Monday, 7 February 2011


Issue: Practical composition

Convener(s): Lizzy Westcott

Participants: Andrew Scullin, Simon Pollard, Mary O’Connor, Suzy Almond

Summary of discussion, conclusions and/or recommendations:

Lizzy called for suggestions about the practicalities of composition for musical theatre. How to progress if you hit a wall. Mary talked about Dalcrose Eurythmics, a fairly abstract method which helps to surrender the constraints and rules of standard composition, embracing ‘mistakes’ as they do not matter in the journey, as long as you reach your destination.

T.E.D. Talks and Bobby Macferrin sound as if they are singing from the same hymn sheet.

Kodaly. Hand gestures and forgetting the standard A-G scale. Read ‘Dramatic notes’ By Neil Brand.

Simon uses music as inspiration before starting work on a piece. Helps to channel creativity. Music is important even in ‘Non-Musical’ productions.

Andrew suggested to not fear completing an idea which you feel is bad or trite as this may be what the other parties are looking for. Most creative types are their own worst critic.

An actress popped up and mentioned a more ‘found sounds’ process, allowing the performers to become one with the music. Choreographer also talked about creating the dance and the music in tandem. This could result in a more powerful piece.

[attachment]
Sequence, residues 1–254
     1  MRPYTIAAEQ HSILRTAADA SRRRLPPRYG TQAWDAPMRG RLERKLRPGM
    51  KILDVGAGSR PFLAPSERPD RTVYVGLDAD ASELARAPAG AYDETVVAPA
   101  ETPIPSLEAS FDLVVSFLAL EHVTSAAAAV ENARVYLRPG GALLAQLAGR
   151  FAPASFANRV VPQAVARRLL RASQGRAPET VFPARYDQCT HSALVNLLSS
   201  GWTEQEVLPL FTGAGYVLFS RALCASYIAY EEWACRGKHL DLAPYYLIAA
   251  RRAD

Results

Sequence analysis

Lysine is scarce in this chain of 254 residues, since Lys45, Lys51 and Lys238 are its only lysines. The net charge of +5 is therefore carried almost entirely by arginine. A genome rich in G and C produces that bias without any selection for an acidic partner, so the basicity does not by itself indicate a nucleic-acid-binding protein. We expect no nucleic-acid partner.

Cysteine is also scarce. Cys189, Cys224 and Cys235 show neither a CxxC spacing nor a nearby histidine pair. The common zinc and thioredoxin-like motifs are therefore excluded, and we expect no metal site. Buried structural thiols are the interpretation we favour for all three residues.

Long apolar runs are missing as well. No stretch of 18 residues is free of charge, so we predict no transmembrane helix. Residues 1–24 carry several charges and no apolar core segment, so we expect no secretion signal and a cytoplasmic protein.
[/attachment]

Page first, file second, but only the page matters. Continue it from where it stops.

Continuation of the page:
Important not to feel like a fraud if you have no traditional training. The confidence in your music is what counts. Don’t looked at people who are sight reading as more capable. Their rules are also their shackles. Without rules, there are more options, right or wrong.

Don’t get too clever. A flourish is nice but sometimes entirely unnecessary. There’s a lot to be said for simplicity. If your cast aren’t alienated, this will result in quicker understanding of the music = better performance.

Alex’s suggestion of using a musical theatre idea in a gig setting, therefore turning the tables somewhat.

Suzy added her lack of knowledge of her instrument is actually more freeing, allowing her scope to play with the words and is not a distraction. Followed up by a group appreciation imperfection. Judi Dench, Lee Marvin, Woody Allen.

Let’s create an opera performed by people who ‘can’t’ sing.

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